Impacting business strategy (22 percent): “Communicating the underlying insights from research to those people who have to make the business decisions. Also influencing how those business decisions are made and why market research is more than simply delivering data. Being able to influence corporate direction and providing a balanced understanding of the audience is a big key in what I do.”

Making an impact/helping clients (25 percent)

Uncovering insights (47 percent)

The variety of the work (26 percent)

Strength of their passion
What differentiates the three segments? In general, it comes down to what they love about their job. While their job function may require pieces of all three segments, the strength of their passion impacts how they tackle projects and address clients’ needs.

Mechanics (39 percent) love the tactical process of each project (i.e., designing research, talking to respondents, digging through data, etc.) and the problem-solving of each stage. Mechanics are driven by personal achievement and doing a good job for their companies. Discoverers (51 percent) enjoy the psychology of research and understanding what makes people tick and are driven by finding the golden nuggets and the quest for knowledge that no one else can give their clients. Discoverers love to hunt for insights by understanding how consumers make decisions – they are more focused on the end result but are not thinking beyond the project at hand. Strategists (10 percent), on the other hand, are always thinking beyond the project and love focusing on the big picture and how their research can be used strategically. They are driven by the impact they have on clients’ businesses.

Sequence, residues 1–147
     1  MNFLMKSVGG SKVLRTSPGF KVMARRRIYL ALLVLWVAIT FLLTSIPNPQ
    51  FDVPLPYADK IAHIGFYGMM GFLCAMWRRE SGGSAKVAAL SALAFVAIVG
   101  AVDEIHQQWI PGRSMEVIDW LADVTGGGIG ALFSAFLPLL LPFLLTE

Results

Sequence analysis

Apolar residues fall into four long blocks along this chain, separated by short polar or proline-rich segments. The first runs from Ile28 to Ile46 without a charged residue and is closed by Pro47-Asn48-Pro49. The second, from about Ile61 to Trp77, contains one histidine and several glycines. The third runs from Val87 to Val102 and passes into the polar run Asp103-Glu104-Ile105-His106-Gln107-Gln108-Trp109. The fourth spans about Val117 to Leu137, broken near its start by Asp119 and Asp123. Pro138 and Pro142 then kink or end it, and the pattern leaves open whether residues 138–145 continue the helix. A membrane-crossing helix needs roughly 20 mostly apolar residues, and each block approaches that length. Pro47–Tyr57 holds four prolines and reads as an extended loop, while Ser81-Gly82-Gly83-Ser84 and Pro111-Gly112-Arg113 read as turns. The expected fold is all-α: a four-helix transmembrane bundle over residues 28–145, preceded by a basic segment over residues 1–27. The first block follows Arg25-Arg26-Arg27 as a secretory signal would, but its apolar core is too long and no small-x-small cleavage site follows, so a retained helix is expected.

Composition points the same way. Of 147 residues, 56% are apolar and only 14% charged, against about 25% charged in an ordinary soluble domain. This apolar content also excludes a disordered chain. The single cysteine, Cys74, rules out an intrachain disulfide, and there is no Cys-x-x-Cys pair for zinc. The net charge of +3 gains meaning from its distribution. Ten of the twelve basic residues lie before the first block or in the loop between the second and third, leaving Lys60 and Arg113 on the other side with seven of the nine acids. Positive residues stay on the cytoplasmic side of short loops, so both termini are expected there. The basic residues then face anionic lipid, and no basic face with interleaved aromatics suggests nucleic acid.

So what does the Mechanic look like? Mechanics tend to be earlier in their careers; love the tactical aspects of their jobs like writing surveys and digging into data; are more science-oriented and quant-focused; and want to be innovative but feel limited or are more skeptical of new methodologies.

“Numbers are everything. Give me a representative sample of 400 and I can find out what you need to know.”

“I usually tend to work with quantitative methods and I try to be the best in my field maybe too much. I am innovative but I usually get stopped by the company’s managers.”

“I love to play with numbers and tell a story with them. I like to make the complicated seem simple.”

“I love the problem-solving aspect. I’m an analyst and get to also be a methodologist. Planning the approach and then crunching numbers is what I love. I’m good at seeing a situation and working out a plan. I just have insight to see from the problem to the solution very clearly. I’ve learned this is a unique talent of mine.”

Mechanics tend to think about research on a project-by-project basis and therefore focus first on the concrete aspects like budget, sample and timeline.

“I am frustrated with the increasingly shortened timelines for projects. Clients are expecting analysis only a few days after data collection.”

“Getting a representative sample is the most important factor in delivering results based upon a cross-section of consumers, customers, employees or whoever is the subject of the investigation.”

Discoverers are more diverse in their years of experience; are more focused on qualitative; are driven by the discovery of anything new, whether insights or methodologies; feel they are innovative; and aren’t afraid to try new things.